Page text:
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I can't believe it's taken me so long to get this DIY card catalog side table photographed, the pictures edited and the post written since teasing you with it more than a month ago in a Three Things post and on Instagram! To be completely honest, these tutorial-type projects take FOREVER to write up, so I maybe, teensy-weeny, put it off for a bit. Maybe.
But I love, love, love how it turned out and I want to provide as much how-to info as I can so that if you run across anything - not just a card catalog - that you could add a base and a top to, you'll be able to make a custom side table too. And while there were tools involved, it was all very basic measuring, straight cuts, some nails, glue and paint. Thats all you need to upcycle a lucky card catalog find like mine or anything else you may see, like a cool old box, small set of drawers or wood file cabinet.
Let's start at the beginning:
I bought this 1960s-era card catalog at our local school rummage sale for $10 probably 8 years ago. It came on spindly legs set at an angle (so weird - which is why it was still at the sale when I got there), which I unscrewed as soon as we got in the car. As you can see it lived in my studio holding sewing and craft supplies, but I always had visions of fixing the orange finish and the mismatched handles.
Obviously years go by, a-hem, and I start looking for side tables for our living room, which we've never had (I've always used whatever I could find, stools, benches, vintage tables that always seemed to be rickety) and I come across this table at World Market. I loved the look of it, but not the color, and not the shelf on the bottom (just a dust-catcher to me) - and though it was a great price, I thought of my card catalog sitting at home, our piles of wood scraps including some old barn wood, and an idea was born.
My partner in all things DIY, though, had to be convinced. I described what I wanted and Brian and I conferred, cut, jiggered, added, and redid until we came up with something we were both happy with and could share with you!
How to Make a Table From A Card Catalog (or other boxy found item)
1. Make a Base and Attach.
(note: affiliate links to Amazon are provided as examples)
- Measure the bottom sides of your box, card catalog or whatever you've found.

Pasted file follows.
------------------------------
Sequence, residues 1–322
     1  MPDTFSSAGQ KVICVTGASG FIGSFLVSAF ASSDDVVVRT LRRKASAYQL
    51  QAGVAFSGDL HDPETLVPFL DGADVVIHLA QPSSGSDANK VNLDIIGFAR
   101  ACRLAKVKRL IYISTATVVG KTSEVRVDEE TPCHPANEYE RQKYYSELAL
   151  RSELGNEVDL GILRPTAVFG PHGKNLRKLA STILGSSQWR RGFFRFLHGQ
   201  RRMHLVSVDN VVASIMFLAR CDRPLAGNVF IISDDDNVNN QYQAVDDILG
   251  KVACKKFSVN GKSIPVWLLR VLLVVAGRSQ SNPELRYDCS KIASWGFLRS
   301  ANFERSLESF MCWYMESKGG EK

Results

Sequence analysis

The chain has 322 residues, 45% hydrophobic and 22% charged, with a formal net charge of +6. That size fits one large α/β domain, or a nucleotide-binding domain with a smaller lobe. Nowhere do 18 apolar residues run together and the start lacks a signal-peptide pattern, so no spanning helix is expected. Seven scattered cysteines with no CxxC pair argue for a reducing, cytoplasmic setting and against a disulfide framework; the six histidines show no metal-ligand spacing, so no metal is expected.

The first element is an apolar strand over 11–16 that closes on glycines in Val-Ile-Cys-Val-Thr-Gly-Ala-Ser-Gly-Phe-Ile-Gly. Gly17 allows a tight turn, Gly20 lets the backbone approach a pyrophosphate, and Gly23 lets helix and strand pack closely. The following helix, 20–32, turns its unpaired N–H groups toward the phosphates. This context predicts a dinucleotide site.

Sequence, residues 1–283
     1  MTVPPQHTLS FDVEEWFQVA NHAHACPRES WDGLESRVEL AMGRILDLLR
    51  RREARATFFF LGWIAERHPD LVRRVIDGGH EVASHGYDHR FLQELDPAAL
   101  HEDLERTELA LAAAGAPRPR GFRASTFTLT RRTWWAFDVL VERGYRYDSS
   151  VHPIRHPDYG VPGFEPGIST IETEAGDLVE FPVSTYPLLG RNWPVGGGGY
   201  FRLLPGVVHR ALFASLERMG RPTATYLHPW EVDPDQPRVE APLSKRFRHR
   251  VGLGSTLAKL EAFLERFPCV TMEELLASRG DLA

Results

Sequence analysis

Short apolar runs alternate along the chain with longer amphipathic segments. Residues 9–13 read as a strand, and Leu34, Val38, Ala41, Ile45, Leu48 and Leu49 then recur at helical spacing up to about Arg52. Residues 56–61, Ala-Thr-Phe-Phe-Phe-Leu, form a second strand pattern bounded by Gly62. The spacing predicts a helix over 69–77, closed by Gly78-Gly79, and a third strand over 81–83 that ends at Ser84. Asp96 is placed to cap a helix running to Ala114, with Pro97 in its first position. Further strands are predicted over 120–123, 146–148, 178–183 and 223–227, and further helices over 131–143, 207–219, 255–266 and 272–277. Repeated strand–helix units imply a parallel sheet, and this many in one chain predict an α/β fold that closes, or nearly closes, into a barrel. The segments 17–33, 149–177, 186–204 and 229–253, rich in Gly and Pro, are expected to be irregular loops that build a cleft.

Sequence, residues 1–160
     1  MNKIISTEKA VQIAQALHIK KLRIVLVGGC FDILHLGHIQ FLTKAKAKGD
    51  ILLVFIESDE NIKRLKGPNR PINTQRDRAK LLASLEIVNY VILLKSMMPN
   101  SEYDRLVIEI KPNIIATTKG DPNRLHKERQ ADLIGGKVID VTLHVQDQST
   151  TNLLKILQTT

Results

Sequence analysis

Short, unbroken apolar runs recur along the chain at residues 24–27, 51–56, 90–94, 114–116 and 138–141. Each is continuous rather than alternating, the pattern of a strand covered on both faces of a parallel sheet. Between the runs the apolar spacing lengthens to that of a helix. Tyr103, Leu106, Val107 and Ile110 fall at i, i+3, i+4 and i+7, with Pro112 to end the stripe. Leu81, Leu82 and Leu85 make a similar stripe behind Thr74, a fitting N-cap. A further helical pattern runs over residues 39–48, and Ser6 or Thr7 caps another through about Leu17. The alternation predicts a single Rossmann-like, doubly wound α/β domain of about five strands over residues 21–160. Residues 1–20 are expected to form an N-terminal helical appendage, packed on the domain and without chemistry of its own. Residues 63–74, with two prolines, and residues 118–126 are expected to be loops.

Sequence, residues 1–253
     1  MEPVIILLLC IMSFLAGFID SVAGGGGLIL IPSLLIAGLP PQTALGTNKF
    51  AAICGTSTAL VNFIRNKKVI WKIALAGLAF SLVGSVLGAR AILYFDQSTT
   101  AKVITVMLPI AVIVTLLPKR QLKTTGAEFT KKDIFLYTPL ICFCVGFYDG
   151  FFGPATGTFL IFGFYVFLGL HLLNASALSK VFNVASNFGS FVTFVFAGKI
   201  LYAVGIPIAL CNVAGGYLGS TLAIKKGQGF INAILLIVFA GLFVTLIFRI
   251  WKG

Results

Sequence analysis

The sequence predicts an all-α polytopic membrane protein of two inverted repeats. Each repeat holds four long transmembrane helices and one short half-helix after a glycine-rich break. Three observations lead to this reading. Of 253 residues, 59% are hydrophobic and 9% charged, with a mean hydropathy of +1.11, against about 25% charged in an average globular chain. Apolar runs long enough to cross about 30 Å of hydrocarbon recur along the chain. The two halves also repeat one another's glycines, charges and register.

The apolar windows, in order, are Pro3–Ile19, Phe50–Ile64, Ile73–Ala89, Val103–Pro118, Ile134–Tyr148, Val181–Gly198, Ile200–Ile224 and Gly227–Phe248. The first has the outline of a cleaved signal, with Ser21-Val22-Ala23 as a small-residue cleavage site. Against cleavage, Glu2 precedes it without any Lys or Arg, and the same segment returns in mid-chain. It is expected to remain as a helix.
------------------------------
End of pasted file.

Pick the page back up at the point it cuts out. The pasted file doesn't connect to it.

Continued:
- From 1x2's (or 1x3's, 1x4's if you want a thicker look), cut the front and back pieces to those measurements and then cut the sides to fit inside the front and back pieces you just cut, making a frame for the box to sit on.
- Use thin finishing nails to nail the front pieces to the sides, being careful to keep square.
- Cut legs* from 2x2's (or larger) in your desired height (ours was measured to reach just above our couch's arm), set them in the corners and nail them to the frame from the outside - 2 nails on the front and 2 on the sides (see photos above).
- The base looked a little stubby to me then, so we added another frame of thin lattice (can be found in the molding section) under the main frame, though this is optional.
- Attach the box to the frame with small L Brackets, screwing each side of the bracket to the bottom and base that they touch - one on each end (that's 2 total, which holds tightly, but you can always use 4, one for each side).
*You can also just purchase legs and screw them into the bottom, but all the styles were too curvy and they just looked like legs screwed onto a box and not like the furniture look we were going for.
2. Fill and Paint.
- Fill all nail holes and any lines that are too big with wood putty, let dry and sand. I didn't fill the spaces between the catalog and the main base, since I thought the line would look okay - I didn't want it to look like one piece.
- Using enamel, paint the box and drawer fronts with 2-3 coats using a foam roller - it makes it go fast and gives a consistent finish. If you have any cool features like the plaque on mine, paint around them with a small brush.